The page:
The Ugly Underbelly of the Lottery

Many people play the lottery. They spend about $80 billion a year, which is a lot of money by any measure. Almost everybody loses, and the ones who win have to pay huge taxes and often go bankrupt in a few years. It is a strange and irrational gamble, but it has an ugly underbelly: People feel that it is their last, best, or only chance for upward mobility.

One way to understand this is by looking at the regressivity of lottery sales. Scratch-off games account for about half of the total sales, and they are disproportionately played by lower-income players. They are also regressive because the prizes are small and often paid out in cash. But there are also lottery games that have large jackpots that attract upper-middle-class people and are less regressive, like Powerball and Mega Millions.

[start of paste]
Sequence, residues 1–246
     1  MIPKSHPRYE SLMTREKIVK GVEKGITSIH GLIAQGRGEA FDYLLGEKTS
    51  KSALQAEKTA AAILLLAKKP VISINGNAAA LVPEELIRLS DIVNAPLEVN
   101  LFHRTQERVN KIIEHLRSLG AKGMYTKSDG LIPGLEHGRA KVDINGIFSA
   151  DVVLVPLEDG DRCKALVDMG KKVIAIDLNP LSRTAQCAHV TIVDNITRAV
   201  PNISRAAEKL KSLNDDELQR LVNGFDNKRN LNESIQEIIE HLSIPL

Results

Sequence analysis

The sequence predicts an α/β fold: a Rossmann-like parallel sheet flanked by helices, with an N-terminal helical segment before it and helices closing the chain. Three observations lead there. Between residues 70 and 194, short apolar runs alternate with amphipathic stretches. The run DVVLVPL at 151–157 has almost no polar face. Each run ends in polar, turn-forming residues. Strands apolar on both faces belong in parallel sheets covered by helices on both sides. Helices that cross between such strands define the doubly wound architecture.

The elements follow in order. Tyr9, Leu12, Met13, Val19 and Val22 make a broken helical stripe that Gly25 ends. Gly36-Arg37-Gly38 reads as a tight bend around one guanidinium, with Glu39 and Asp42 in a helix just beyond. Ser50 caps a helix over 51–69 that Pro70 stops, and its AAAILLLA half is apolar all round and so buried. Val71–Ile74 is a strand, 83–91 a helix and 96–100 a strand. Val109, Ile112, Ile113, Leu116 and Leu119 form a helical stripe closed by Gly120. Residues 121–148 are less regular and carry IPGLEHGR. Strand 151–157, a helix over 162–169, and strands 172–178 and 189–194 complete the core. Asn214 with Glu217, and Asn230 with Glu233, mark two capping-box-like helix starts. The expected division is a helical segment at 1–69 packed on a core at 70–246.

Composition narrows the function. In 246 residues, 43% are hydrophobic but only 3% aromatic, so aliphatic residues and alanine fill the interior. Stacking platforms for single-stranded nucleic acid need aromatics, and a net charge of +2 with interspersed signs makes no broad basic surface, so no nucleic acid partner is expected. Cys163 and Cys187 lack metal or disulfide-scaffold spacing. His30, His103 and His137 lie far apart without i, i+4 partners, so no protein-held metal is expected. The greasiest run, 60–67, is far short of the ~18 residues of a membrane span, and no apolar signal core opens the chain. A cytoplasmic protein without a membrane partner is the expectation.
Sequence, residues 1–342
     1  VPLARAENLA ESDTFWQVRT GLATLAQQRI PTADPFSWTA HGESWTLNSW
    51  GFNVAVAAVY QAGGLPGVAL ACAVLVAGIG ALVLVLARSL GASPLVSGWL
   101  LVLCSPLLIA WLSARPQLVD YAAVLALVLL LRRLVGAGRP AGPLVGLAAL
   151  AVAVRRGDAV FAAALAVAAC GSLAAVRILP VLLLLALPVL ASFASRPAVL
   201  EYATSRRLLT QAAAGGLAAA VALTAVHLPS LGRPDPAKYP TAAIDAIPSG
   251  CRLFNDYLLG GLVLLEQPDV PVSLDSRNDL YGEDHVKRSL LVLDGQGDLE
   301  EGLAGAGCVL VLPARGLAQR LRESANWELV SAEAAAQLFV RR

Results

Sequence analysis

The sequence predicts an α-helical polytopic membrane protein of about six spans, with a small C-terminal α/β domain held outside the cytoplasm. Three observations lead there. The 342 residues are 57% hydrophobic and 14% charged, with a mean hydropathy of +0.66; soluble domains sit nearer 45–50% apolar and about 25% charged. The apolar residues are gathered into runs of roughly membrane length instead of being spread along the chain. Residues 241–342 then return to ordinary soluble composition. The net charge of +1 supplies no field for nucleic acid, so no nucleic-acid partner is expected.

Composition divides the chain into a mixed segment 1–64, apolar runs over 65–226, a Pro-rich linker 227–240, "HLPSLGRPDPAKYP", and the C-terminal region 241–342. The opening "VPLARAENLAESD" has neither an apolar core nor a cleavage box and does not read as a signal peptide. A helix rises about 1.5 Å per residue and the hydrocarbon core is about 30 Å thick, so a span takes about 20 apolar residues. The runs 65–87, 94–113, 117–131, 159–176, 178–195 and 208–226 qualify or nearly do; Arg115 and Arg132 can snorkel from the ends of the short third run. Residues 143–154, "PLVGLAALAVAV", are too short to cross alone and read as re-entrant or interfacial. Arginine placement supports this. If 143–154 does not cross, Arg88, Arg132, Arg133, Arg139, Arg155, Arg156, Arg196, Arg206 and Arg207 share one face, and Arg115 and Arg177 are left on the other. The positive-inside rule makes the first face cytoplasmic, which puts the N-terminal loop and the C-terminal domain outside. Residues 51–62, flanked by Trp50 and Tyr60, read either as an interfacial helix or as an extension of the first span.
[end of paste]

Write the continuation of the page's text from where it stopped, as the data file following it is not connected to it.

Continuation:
So what does it take to make a lottery game a good idea? The answer is that there needs to be a large enough entertainment value. That would overcome the disutility of a monetary loss and turn the gambling into something that makes sense for most people. Unfortunately, the big jackpots don’t get you that far. They are a form of bait and switch that lures people in, but the prize is much too small for most to make a rational decision to play. They end up spending their money on a long shot that they will never win. That is a bad deal for states and their constituents.